The latest release of the Platform — 22.06 — is now available at platform.opentargets.org.
- We have included five additional studies in our Gene Burden widget, incorporating evidence from a number of different therapeutic areas
- The term “medical procedure” has been added to our ontology
- Users can now visualise subcellular locations of targets
Take a look at the Open Targets Community for more detailed stats.
Additional gene burden evidence
Our previous release (22.04) featured the addition of a new evidence source for gene burden, incorporating the results from the aggregation of rare and ultra-rare variants at the gene-level available in AstraZeneca’s PheWAS portal and Backman et al..
To this, we have now added results from five additional studies, notably Genebass.
These bring in 1,465 new target-disease associations.
Gene-based Association Summary Statistics (Genebass) is a resource of exome-based association statistics based on data available in the UK Biobank.
We have incorporated the results from their latest release, bringing in evidence supporting 7,238 associations, from 8,808 evidence strings, for 715 traits and 2,645 targets.
The additional studies we have integrated are:
- Bomba et al. (2022), the results of an Open Targets project which found associations between rare coding variants and blood metabolites
- Singh et al. (2022), a whole exome sequencing analysis of individuals with schizophrenia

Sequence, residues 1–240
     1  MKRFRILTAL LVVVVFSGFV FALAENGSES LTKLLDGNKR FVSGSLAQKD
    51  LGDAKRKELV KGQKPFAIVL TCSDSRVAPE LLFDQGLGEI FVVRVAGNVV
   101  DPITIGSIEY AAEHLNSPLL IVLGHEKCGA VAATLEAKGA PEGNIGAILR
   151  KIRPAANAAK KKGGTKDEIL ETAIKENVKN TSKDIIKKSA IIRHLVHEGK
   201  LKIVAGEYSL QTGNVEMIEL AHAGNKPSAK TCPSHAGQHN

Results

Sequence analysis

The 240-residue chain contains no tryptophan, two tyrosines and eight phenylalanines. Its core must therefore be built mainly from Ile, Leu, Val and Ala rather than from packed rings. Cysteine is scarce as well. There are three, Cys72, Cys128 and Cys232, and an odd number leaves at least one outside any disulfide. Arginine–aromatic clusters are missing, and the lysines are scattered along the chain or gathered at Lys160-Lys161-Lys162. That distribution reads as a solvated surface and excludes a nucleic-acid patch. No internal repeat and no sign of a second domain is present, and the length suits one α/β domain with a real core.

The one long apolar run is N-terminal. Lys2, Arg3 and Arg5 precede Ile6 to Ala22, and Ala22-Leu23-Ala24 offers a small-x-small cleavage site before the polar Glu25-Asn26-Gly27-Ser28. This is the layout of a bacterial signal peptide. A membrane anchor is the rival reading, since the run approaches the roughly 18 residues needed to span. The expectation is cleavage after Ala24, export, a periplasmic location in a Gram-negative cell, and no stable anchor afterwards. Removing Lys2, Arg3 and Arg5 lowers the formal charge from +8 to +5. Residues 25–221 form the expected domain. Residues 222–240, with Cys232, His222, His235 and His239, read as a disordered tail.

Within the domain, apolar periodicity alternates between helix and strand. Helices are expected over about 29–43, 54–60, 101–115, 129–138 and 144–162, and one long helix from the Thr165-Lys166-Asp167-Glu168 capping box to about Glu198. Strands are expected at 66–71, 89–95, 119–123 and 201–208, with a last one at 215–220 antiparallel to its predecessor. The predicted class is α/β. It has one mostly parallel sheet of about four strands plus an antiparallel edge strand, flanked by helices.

- Satterstrom, Kosmicki, Wang et al. (2020), which identifies 102 genes which confer risk for Autism Spectrum Disorder
- Epi25 Collaborative (2019), which found that compared to controls, individuals with any type of epilepsy carried ultra-rare, deleterious mutations in constrained genes and in genes previously associated with epilepsy.
Find out more about how we integrated these studies in the Platform documentation.
Medical procedures added in the ontology
We have added evidence associating genes with medical procedures. This allows us to associate targets with such terms, mainly based on GWAS through the Open Targets Genetics portal, UK Biobank burden tests, and literature mining evidence.
In this way, Platform users can leverage genetic signals associated with a medical procedure to prioritise targets for a primary disease.
For example, the Platform now includes an association between renal dialysis and PKD1, a target strongly linked to kidney disease.
Subcellular locations visualisation
Users can now visualise the subcellular location of targets in the Platform using SwissBioPics visualisations.
Questions, thoughts, or comments? Let us know on the Open Targets Community!